Crypto Faith Strong Across Americas Despite Global Drop: Survey

Faith in crypto slipped among institutional and retail investors last quarter, survey says, but don’t tell that to the Americas


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key takeaways

  • Global faith in the digital asset sector dipped by 3% in this year’s second quarter, according to a Bitstamp survey
  • The Americas generally bucked the wider trend, with all countries except Canada showing sturdy faith in crypto

Global trust in crypto among retail and institutional investors took a small hit in the second quarter of this year, according to a recent survey, a period marked by liquidity crises and high-profile collapses.

Still, faith in the asset class remains relatively high, shows research undertaken on behalf of crypto exchange Bitstamp.

In a recent survey involving 28,000 respondents across 23 countries, trust in the crypto sector was shown to have dipped 3% among institutional types, from 70% in Q1 to 67% in the following period.

The percentage of retail investors globally who found crypto trustworthy also dropped — from 67% to 65%. Respondents based in the US however revealed a bump in trust, from 61% to 73%.

An institutional investor was defined as an individual with control or major influence on the investment strategy of a client or company, Bitstamp told Blockworks. Retail investors, meanwhile, are those classified as being over 18 who’ve both heard of crypto and hold any type of investment.

The number of retail investors actively investing in the space still surged from 42% to 61% quarter-over-quarter, a rise of nearly one-fifth.

Indeed, while trust was shaken on a global scale, retail respondents across most of the Americas displayed more faith in cryptocurrencies last quarter.

“In fact, Canada was the only country that saw trust in cryptocurrency dip slightly below 50% in Q2 vs. Q1 among retail respondents,” the report states.

“All other countries in the Americas saw trust in cryptocurrency remain high, at or above 68% with countries such as Brazil at 77%, Chile at 69%, and Mexico at 70%.”

Bitstamp’s crypto survey reflects wider market caution

Ongoing macroeconomic factors, such as rising inflation and tightening central bank policy designed to curb it, have hammered risk-on assets like bitcoin and ether.

Bitcoin and ether are down almost 60% in the year to date after prices plummeted in the second quarter.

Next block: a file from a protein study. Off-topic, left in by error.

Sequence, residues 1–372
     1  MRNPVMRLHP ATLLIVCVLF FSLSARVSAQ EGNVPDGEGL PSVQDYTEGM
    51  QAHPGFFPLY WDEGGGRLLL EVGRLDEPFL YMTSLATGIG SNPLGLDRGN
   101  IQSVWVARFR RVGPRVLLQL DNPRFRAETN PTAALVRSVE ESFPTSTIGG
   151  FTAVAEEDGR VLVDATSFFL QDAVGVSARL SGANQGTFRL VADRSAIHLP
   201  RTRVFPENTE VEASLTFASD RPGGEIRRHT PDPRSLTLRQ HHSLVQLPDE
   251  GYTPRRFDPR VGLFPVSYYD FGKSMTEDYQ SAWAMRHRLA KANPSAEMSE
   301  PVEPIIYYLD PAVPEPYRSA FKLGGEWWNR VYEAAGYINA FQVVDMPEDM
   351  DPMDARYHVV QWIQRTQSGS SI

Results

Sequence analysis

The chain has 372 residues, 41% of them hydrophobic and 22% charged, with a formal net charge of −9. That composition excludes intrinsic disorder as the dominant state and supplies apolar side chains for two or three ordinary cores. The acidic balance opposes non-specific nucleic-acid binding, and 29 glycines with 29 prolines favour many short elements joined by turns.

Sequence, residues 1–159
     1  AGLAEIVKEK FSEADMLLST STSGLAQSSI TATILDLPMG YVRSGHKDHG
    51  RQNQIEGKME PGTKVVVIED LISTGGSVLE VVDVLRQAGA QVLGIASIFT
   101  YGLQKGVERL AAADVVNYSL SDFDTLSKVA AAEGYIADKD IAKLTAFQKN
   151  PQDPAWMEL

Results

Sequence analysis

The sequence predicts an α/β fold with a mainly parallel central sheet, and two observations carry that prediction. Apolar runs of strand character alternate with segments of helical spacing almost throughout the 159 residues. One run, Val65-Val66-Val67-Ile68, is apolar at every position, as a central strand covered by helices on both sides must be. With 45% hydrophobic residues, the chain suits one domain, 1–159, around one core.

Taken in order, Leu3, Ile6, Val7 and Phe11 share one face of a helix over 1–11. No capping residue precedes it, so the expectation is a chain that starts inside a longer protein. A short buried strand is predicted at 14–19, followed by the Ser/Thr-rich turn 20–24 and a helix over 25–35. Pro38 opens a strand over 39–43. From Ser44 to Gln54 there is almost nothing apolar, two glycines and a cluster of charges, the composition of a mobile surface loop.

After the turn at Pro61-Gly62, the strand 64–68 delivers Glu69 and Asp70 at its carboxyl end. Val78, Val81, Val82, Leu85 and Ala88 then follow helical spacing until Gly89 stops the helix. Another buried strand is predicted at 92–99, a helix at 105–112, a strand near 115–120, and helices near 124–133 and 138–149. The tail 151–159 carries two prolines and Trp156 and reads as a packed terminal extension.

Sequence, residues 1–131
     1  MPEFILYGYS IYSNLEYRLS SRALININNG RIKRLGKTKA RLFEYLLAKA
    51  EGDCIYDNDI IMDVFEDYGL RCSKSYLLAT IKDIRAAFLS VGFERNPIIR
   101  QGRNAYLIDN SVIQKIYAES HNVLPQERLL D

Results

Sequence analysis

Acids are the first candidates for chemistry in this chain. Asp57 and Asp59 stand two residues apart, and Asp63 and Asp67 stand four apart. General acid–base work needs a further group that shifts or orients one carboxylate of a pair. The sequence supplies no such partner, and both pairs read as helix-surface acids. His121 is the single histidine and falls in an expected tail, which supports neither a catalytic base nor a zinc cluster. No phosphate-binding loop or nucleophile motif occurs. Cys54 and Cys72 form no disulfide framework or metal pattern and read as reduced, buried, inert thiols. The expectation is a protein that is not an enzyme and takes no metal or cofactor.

That would appear to be eating away at crypto investment products, which have seen volumes dip across the board, hitting their lowest levels in two years as outflows in August continued.

Crypto exchange trade volumes across major exchanges including Coinbase shows institutional players vastly outweigh retail when compared to crypto’s previous bull run in 2017, according to Messari analyst Tom Dunleavy.

“Although markets may seem bleak in this bearish environment, we’re still seeing strong interest from sophisticated investors across Asia and the Americas looking to deploy capital in the space,” Daniel Kim, director of investments at FBG Capital told Blockworks in an interview.

“We see some of our portfolio companies looking to make it easier for non-crypto native individuals to access and enter crypto,” Kim said. Bitstamp’s survey found the largest barriers to entry for both investor types last quarter stemmed from a lack of awareness, knowledge and sufficient industry regulation.

Much of the market is still concerned by inflation following historic money printing during the pandemic, rendering it difficult for investors to gauge the health of both equities and crypto markets.

“Inflation is so high for a variety of reasons – energy and oil prices have surged as a result of the Russian war and there have also been supply chain concerns,” Dan Ashmore, Chartered Financial Analyst at Invezz wrote in an email.

The increased supply of new money has been necessary to get the economy back on its feet, but the sheer amount of dollars has caused inflation to spiral.

“The only thing we know for a fact is that, historically, such large drawdowns often make for a good time to buy,” Ashmore wrote.

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